Coastal property owners anxiously wait for permits to begin dune restoration

VOLUSIA COUNTY, Fla. — John Reny was willing to ignore the inconveniences a hurricane can bring to a beachfront property. Damaged patio furniture, broken spa pipes and a shattered storm shutter were all dismissed as easily repairable.


What he couldn’t overlook is the dozens of feet of natural sand dune missing from the back of his house, washed into the sea by back-to-back hurricanes.

“It’s a train wreck,” he said, pointing to the edge of his patio. “I have about 18 feet behind my little wall here. Behind that little wall is a 10 foot drop off straight down to the beach.”

It’s a change Reny said the area hadn’t seen in decades.

READ: ‘A community of resilience’: Suspect sought after windows shattered at downtown LGBTQ bars

As he climbed down the ladder descending from his destroyed access boardwalk to the sand, Reny described the vision he and his neighbors had drawn up: restoring the dunes in record time to their natural, pre-autumn look.

To do this, he said, plans called for 2,000-pound coquina boulders to be laid at the foot of the dunes, followed by a small mountain of sand piled on top of them. Lastly, he said, plants would be added to take root and hold the sand in place, as they had before Ian and Nicole tore through.

The goal is to have this done before sea turtle nesting season, when expectant mothers climb out of the waves in Volusia County to lay eggs at night.

READ: This weekend is your last chance to ride Splash Mountain

“The turtles come out of the water to nest, they get around that fluffy sand and they nest like they normally would do,” he said.

However, plans have been held up by red tape in Tallahassee. Reny and his neighbors said workers at some agencies, like the Fish and Wildlife Conservation Commission, expressed concerns that the turtles wouldn’t like the boulders should one get exposed.

They said they felt that the state wasn’t treating their emergency application as an emergency, after being told it would be processed in months instead of weeks. That’s a problem, they explained, because the temporary Tiger Dams lining the shoreline right now are scheduled to be dismantled in May.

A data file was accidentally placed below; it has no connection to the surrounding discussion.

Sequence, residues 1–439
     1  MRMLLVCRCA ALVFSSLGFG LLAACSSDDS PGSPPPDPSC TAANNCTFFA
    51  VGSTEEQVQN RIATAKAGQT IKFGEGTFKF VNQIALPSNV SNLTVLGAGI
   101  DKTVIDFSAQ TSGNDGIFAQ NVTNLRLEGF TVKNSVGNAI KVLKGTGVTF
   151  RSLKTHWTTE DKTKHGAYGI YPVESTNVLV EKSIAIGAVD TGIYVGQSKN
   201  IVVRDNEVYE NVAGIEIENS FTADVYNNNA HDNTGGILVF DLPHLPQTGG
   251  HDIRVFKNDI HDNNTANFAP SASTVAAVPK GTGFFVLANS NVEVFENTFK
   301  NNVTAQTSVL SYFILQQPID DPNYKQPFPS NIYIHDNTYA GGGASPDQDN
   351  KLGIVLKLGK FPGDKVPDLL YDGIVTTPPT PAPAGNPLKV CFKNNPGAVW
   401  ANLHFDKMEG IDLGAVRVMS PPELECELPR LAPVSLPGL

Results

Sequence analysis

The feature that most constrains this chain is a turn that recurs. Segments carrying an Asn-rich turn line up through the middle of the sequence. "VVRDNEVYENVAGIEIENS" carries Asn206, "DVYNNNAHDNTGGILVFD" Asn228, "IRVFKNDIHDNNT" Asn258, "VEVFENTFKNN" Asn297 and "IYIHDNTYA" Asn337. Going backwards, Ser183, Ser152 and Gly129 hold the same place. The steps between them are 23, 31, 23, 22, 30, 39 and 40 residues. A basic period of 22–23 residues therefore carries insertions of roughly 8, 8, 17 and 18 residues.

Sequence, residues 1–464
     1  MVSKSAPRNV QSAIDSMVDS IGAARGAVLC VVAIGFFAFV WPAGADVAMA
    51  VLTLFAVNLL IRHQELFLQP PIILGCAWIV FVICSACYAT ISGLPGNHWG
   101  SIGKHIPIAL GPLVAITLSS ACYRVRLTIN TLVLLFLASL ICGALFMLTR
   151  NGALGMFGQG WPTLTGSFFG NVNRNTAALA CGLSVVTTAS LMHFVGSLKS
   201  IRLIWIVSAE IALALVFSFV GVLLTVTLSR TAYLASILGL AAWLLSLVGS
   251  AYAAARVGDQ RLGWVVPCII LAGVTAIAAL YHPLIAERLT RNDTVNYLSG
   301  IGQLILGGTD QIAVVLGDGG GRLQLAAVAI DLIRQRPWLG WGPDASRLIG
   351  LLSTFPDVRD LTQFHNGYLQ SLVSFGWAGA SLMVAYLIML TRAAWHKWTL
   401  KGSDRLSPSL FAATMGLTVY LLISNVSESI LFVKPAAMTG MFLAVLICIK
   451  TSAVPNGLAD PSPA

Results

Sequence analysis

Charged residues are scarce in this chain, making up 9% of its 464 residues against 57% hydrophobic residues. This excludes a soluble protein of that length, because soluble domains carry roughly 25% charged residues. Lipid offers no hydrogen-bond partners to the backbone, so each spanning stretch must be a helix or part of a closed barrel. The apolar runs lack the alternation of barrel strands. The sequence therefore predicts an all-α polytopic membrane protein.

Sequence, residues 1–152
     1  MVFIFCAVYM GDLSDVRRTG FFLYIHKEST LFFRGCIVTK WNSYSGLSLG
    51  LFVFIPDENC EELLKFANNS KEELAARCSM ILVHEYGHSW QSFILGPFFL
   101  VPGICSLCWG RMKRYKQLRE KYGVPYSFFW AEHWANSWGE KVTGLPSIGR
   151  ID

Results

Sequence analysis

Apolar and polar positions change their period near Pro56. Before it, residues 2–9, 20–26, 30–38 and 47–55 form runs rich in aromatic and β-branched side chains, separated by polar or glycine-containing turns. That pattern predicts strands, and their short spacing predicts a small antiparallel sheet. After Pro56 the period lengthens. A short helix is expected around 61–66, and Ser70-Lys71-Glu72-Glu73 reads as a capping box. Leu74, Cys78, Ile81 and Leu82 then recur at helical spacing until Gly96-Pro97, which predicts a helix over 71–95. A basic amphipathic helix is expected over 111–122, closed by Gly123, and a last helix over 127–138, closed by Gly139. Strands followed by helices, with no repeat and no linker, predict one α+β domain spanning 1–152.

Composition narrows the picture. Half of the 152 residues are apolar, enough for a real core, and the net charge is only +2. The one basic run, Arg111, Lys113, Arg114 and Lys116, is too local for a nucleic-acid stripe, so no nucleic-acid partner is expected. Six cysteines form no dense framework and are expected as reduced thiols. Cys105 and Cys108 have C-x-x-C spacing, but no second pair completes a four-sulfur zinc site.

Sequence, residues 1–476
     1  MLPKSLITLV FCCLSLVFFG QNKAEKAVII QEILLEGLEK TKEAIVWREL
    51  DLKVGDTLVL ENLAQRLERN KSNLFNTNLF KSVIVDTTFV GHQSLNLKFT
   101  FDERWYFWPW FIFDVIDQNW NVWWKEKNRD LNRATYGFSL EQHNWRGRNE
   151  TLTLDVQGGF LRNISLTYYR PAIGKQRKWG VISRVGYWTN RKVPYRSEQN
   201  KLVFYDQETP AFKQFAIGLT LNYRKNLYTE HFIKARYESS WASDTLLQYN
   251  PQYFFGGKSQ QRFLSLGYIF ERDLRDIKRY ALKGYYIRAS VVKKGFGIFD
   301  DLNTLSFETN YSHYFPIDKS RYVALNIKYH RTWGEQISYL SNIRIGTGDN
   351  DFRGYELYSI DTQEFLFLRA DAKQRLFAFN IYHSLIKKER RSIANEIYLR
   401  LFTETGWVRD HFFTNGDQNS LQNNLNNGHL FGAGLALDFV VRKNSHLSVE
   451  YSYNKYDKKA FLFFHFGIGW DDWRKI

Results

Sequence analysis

READ: How Disney is using recycled glass to touch up resort horse trails

“Everything that’s done on the beach right now is all temporary,” Reny said. “There are no permits issued for permanent solutions on the beach that I’m aware of right now.”

During a press conference Wednesday, members of the DeSantis administration said they were working to expedite applications.

“Normal left a long time ago,” Florida Department of Environmental Protection Secretary Shawn Hamilton said. “We’re challenging all of our teams to do everything we can do get the necessary information to permit safe, reliable habitat-protective structures as quick and effectively as possible.”

READ: Osceola County deputies recover body in retention pond near Kissimmee

That, along with the news that more than $37 million would be coming to Volusia County for dune restoration, was music to Reny’s ears. He said he did not want to put a seawall in front of his home, which he is afraid he’ll be pushed to do.

“If something’s not done on a permanent basis, we’re spinning our wheels,” he said. “The ocean… it’s going to get rebuilt in time, but not 10 feet.”

Click here to download the free WFTV news and weather apps, click here to download the WFTV Now app for your smart TV and click here to stream Channel 9 Eyewitness News live.

Comments on this article